Gripen fighter jets, world's highest minimum wage rejected by Swiss voters
Gripen fighter jets costing $3.5 billion were narrowly rejected, but a proposal increasing the minimum wage to 22 Swiss francs ($24.70) was voted down, with more than three quarters of voters opposed.
GENEVA — Worried about upsetting Switzerland's strong economy or driving its high costs even higher, more than three-quarters of Swiss voters rejected a plan Sunday to create the world's highest minimum wage and slightly more than half spurned a request to outfit the Swiss Air Force with 22 new fighter jets.
A tally by Swiss TV showed that with votes counted in all 26 of the Alpine nation's cantons (states), the Swiss trade union's idea of making the minimum wage 22 Swiss francs ($24.70) per hour fell flat by a vote of 76.3 percent opposed and 23.7 percent in favor.
The military's controversial request to spend 3.1 billion francs ($3.5 billion) for Saab's new Gripen fighter jets was narrowly defeated, with 53.4 percent against it and 46.6 percent who supported the purchase.
At a news conference in the Swiss capital Bern, members of the Federal Council of seven ministers, which includes the president, confirmed the vote results. They welcomed the decision on the minimum wage proposal. Trade unions had proposed it as a way of fighting poverty in a country that, by some measures, features the world's highest prices and most expensive cities.
But opinion polls had indicated that most voters sided with the council and business leaders, who argued it would cost jobs and erode economic competitiveness, driving Switzerland's high costs even higher.
"A fixed salary has never been a good way to fight the problem," Economy Minister Johann Schneider-Ammann said in Bern.
"If the initiative had been accepted, it would have led to workplace losses, especially in rural areas where less qualified people have a harder time finding jobs," he said. "The best remedy against poverty is work."
The proposal would have eclipsed the existing highest minimum wages in force elsewhere in Europe. Switzerland has no minimum wage, but the median hourly wage is about 33 francs ($37) an hour.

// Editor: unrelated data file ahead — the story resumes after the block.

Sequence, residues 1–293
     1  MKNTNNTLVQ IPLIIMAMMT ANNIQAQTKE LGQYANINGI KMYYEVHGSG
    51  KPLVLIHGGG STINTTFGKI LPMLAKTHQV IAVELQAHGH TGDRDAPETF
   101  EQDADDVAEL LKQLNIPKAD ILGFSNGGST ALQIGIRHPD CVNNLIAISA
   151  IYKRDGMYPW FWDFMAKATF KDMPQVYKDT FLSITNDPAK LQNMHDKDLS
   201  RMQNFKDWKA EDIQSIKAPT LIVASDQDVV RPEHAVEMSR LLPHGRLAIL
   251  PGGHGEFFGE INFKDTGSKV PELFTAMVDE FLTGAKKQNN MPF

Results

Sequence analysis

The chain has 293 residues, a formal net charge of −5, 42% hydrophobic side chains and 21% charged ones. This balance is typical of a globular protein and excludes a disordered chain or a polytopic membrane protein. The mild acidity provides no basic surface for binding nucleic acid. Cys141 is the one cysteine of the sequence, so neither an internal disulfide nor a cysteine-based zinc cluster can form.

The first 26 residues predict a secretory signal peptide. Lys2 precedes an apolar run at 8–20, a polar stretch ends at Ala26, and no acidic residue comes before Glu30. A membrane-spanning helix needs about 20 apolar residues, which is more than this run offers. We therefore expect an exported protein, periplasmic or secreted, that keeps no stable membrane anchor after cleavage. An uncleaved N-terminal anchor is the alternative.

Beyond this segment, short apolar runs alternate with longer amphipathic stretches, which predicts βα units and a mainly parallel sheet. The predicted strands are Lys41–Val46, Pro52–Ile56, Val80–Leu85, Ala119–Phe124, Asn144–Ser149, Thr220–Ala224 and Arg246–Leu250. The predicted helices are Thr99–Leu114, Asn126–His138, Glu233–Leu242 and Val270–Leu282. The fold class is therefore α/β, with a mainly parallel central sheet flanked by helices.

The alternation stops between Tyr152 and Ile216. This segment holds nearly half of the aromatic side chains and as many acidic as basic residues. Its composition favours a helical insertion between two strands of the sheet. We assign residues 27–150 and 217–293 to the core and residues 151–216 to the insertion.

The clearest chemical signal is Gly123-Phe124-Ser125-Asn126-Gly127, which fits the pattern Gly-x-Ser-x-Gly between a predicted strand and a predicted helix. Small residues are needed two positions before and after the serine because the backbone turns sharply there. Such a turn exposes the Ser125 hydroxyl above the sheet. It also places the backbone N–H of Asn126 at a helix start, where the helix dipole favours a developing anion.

The Organization for Economic Cooperation and Development, which adjusts figures for spending power, lists the highest current minimum wage as Luxembourg's at $10.66 an hour, followed by France at $10.60, Australia at $10.21, Belgium at $9.97, and the Netherlands at $9.48. The U.S. wage, an adjusted $7.11 down from the actual $7.25 rate, came 10th on the list.
Adjusted for its high prices, Switzerland's wage proposal would have represented about $14 an hour based on a 42-hour work week.
The nation's defense minister, Ueli Maurer, who had pushed hard for the Gripen purchased, acknowledged the vote exposed wide "differences" in levels of support around the country that would need to be addressed because of "the void that will be created in our country in terms of aviation security."
Voters also faced two other decisions at the polls Sunday, a result of Switzerland's unique system of popular rule that is expressed in endless citizen-inspired referendums, a weak federal government and strong cantonal governments.
An initiative to amend the nation's constitution by imposing a lifetime ban on convicted pedophiles working with children won support throughout the nation by a vote of 63.5 percent to 36.5 percent.
Justice Minister Simonetta Sommaruga said the vote sent a clear message of concern about protecting children against sexual abuse. But she cautioned that the new constitutional provision would require a ban to be "automatically applied without distinction" between predators and a young adult who sleeps with his girlfriend, if she is a minor.
"This fact poses a problem and the Federal Council will have to see how to apply this initiative," she said.
A medical reform measure to provide constitutional support for more family doctors in rural areas passed overwhelmingly by a vote of 88 percent to 12 percent.